Heidegger's Bible Handbook: Old Testament in General: Outline of the Former Prophets

II. The Προφῆται/Prophets, not that either Moses, or Job, David, Solomon were not also Prophets (at least in the broader notion and gift), since all Old Testament Scriptures is marked as the προφητικὸς λόγος, Prophetic word, and προφητεία/Prophecy, 2 Peter 1:19, 20, and Moses himself, if you set Christ aside, was the greatest Prophet of the Old Testament, Deuteronomy 18:15; but that both Moses, and Job, David, Solomon were Prophets, in gift, but not in the peculiar office and function (like Samuel, Isaiah, etc.): and in addition Moses was both a Prophet and a Lawgiver; Job, David, and Solomon were both Prophets and Poets: but Isaiah, Jeremiah, etc., were only Prophets. Now, these Prophets were of two sorts:



1. Prophets broadly so called and former, who, not being urged by the will of man, but borne by the Spirit of God,[1] composed the series of the Ecclesiastical history from the entrance into the land of Canaan unto the restoration of Jerusalem’s Temple. By the Hebrews they are called the נביאים ראשונים, Former Prophets. And they are the Books of Joshua, Judges, Ruth, Samuel, Kings, Chronicles, Esther, Ezra, and Nehemiah. And in these books are related:


a. The History of the land of Canaan, occupied, with Joshua as general, and subdued (Joshua 1-12), and also divided (Joshua 13-22); and of the final speeches and death of Joshua (Joshua 23, 24), in the Book of Joshua in twenty-four chapters.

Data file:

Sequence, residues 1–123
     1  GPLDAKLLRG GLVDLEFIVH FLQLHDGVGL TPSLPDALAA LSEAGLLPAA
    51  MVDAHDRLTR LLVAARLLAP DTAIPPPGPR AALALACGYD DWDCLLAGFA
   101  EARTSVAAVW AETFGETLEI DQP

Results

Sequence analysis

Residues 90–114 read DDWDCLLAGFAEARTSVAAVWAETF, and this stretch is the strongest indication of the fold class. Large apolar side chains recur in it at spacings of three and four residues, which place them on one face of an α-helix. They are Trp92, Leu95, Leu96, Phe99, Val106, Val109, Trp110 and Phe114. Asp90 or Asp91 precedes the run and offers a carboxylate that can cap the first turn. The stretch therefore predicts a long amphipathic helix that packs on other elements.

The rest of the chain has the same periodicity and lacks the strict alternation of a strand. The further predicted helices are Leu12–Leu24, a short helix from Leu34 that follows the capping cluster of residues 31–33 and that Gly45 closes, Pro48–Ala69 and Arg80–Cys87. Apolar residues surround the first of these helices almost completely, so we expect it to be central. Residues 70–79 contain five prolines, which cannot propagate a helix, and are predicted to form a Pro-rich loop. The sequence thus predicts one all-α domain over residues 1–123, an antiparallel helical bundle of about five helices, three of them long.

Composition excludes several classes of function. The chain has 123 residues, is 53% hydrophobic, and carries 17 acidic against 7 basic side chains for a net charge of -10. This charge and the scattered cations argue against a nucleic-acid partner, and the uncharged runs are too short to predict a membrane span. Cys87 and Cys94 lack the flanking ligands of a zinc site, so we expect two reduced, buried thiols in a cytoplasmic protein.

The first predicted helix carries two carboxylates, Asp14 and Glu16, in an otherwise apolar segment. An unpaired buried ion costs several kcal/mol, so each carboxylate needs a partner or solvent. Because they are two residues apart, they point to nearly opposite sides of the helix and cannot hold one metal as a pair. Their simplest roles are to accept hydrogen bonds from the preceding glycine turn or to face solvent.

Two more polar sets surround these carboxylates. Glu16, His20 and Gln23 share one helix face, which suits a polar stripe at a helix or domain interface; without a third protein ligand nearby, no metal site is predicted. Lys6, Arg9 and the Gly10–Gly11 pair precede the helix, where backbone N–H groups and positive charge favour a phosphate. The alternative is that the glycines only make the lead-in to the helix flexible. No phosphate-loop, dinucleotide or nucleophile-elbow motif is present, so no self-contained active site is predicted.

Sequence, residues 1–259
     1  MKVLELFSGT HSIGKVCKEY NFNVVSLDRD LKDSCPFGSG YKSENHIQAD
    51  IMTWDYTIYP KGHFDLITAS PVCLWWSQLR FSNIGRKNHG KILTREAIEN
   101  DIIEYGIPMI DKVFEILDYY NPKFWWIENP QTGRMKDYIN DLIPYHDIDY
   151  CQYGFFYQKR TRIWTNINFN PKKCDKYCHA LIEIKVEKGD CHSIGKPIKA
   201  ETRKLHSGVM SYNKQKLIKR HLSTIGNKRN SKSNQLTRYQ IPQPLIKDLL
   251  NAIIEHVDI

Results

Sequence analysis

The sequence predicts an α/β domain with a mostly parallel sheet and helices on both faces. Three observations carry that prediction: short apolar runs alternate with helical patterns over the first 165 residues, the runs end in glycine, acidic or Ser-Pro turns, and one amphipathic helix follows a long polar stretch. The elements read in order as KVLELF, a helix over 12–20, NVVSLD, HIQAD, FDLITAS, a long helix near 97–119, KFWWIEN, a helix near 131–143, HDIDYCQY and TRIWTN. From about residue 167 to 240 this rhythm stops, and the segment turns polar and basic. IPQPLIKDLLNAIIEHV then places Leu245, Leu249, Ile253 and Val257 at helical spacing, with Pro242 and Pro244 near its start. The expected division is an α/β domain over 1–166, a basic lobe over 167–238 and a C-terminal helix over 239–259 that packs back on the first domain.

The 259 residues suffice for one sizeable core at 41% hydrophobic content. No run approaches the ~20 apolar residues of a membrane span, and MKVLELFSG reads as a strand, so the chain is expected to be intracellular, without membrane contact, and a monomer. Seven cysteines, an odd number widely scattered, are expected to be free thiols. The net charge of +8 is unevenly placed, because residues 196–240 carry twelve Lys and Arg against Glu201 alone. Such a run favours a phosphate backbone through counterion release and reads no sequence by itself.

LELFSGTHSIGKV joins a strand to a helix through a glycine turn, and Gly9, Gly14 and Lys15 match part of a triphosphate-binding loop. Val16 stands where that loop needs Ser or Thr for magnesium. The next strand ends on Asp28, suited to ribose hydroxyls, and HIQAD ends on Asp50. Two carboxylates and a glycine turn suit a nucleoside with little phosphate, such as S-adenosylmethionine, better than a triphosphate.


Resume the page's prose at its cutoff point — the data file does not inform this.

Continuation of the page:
b. The History of the standing Church and polity of Israel, under,



α. Fourteen Judges, in which is contained a history both of the government of the Elders after the death of Joshua (Judges 1:1-3:9), and of six oppressions, and of just so many Salvations of Israel by the Judges (Judges 3:9-16:31), and of the corruption of the people, because of which and the like they were so many times oppressed (Judges 17-21), in the Book of Judges in twenty-one chapters.


To the same pertains the history of Ruth, which was state of affairs both miserable (Ruth 1, 2), and more joyous (Ruth 3, 4), in the Book of Ruth in four chapters.


β. The Judges Eli and Samuel, and also King Saul, in which are narrated the matters conducted under Eli, the High Priest and Judge of the people (1 Samuel 1-4), then under Samuel, God’s Prophet and Judge (1 Samuel 5-12), then under King Saul, recently chosen and anointed (1 Samuel 13-31), in the Book of 1 Samuel in thirty-one chapters.